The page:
Chris Riddell is an accomplished graphic artist who studied illustration at Brighton Polytechnic and has illustrated many acclaimed books for children, including Pirate Diary by Richard Platt, and Jonathan Swifts Gulliver, which both won the Kate Greenaway Medal. Something Else by Kathryn Cave won the Unesco Award and was shortlisted for the Kate Greenaway Medal, whilst Castle Diary by Richard Platt was Highly Commended for the Kate Greenaway Medal. The Swans Stories by Brian Alderson was shortlisted for the 1997 Kurt Maschler Award and won the 2001 Kate Greenaway Medal.
Together with Paul Stewart, he is co-creator of the Far-Flung Adventures series. In addition to his childrens book work, Riddell is a renowned political cartoonist, whose work appears regularly in UK newspapers the Observer and the Guardian, as well as The Literary Review and The New Statesman.
Riddell lives in Brighton with his wife and children.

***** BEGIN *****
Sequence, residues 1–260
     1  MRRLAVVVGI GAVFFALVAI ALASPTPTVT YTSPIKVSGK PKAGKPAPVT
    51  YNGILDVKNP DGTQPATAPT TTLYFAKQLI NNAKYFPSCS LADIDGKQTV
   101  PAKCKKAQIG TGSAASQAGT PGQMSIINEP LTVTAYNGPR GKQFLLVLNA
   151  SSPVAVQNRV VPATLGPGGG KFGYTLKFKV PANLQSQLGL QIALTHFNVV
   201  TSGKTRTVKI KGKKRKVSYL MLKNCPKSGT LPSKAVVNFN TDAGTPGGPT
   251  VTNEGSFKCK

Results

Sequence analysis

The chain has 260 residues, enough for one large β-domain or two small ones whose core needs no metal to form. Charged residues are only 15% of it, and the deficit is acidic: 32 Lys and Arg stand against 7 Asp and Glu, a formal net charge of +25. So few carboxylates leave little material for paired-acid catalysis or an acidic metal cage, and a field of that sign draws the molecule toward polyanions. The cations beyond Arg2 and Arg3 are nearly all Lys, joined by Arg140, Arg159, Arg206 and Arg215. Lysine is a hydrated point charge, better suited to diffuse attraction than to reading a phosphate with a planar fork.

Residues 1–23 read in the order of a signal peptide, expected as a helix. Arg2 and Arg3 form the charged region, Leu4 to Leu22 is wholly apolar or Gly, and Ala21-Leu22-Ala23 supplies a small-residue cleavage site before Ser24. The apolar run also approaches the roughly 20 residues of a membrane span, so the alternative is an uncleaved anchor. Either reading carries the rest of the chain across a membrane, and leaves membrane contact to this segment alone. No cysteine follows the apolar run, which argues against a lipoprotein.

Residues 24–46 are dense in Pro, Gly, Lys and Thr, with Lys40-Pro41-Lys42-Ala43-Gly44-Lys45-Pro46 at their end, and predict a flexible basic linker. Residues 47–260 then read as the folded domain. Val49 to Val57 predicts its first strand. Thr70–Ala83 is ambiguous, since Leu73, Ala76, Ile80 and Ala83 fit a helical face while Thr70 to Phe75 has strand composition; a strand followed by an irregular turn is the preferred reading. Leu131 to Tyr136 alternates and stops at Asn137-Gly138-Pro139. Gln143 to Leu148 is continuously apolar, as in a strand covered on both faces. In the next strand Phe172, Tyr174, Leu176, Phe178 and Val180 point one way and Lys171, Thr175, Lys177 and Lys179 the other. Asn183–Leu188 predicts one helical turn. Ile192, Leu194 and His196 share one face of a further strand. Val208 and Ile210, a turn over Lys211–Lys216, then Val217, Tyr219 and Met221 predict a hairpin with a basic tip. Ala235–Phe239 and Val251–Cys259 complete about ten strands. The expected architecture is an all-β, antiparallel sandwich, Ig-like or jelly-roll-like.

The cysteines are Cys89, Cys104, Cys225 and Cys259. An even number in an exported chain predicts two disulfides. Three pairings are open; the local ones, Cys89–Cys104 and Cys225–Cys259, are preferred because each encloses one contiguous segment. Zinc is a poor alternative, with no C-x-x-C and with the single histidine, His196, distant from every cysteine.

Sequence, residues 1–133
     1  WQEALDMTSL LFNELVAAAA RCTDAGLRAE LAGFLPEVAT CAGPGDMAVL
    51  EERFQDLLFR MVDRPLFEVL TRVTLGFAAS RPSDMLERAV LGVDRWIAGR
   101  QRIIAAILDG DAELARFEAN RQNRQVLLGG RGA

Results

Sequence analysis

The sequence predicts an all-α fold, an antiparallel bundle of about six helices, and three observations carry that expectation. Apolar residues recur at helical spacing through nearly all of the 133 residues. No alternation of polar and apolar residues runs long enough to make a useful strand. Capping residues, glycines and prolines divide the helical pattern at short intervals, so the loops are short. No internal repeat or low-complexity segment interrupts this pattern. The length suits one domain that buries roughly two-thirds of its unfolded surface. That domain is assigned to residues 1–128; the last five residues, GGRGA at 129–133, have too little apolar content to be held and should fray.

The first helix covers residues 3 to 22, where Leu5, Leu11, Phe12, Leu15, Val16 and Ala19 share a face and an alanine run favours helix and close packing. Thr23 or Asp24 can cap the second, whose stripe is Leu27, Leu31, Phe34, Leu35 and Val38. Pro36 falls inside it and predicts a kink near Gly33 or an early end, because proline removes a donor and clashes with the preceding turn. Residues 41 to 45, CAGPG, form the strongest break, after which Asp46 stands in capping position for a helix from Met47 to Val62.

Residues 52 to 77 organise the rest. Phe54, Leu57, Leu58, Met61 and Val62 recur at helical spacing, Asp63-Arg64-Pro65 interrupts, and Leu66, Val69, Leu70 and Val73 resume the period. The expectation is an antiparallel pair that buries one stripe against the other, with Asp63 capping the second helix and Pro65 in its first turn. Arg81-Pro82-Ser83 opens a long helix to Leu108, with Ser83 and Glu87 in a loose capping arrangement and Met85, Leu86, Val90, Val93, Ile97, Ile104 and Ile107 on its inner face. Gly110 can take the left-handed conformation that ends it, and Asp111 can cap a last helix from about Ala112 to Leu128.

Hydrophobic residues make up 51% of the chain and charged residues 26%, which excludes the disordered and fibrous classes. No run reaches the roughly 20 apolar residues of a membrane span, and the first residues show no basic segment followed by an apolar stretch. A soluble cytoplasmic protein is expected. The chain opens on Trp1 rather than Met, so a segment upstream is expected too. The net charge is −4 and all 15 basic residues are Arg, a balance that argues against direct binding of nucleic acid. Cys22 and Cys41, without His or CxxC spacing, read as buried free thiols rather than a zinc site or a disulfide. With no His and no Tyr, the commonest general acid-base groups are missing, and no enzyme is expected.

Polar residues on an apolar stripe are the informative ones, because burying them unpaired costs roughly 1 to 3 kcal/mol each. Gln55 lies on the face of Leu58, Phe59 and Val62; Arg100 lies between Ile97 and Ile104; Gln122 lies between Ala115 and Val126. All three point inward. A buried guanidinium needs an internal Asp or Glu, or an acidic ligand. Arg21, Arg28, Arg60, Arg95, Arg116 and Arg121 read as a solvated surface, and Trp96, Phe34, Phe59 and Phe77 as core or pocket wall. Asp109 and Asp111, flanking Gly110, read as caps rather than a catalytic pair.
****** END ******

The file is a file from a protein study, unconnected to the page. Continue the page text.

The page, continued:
From the author's website
Chris Riddell's website
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Talking to Paul Stewart & Chris Riddell about the Edge Chronicles
What was your inspiration for The Edge Chronicles?
Paul: The Edge Chronicles started off with the map. Chris drew it and gave it to me saying, 'here is the world, tell me what happens there.'
Chris: I drew a map that looked like the edge of a map because I've always been fascinated by the edges of maps - the place where the known world ends.
Paul: My main inspiration for the Deepwoods was perhaps the fairy tales of the Brothers Grimm, though other booksAlice in Wonderland and Through the Looking Glass, Gormenghast, Gulliver's Travels also played their part.
What was your favorite character(s) to create?
Chris: My favorite character is the spindlebug. It was easy for Paul to write that it was see-through, like glass, but a challenge for an illustrator to draw. The creatures live an immense amount of timeup to four centuries which means that they witness a lot more history of the Edge than other characters.
Paul: My favorite characters are the banderbears. Chris ...
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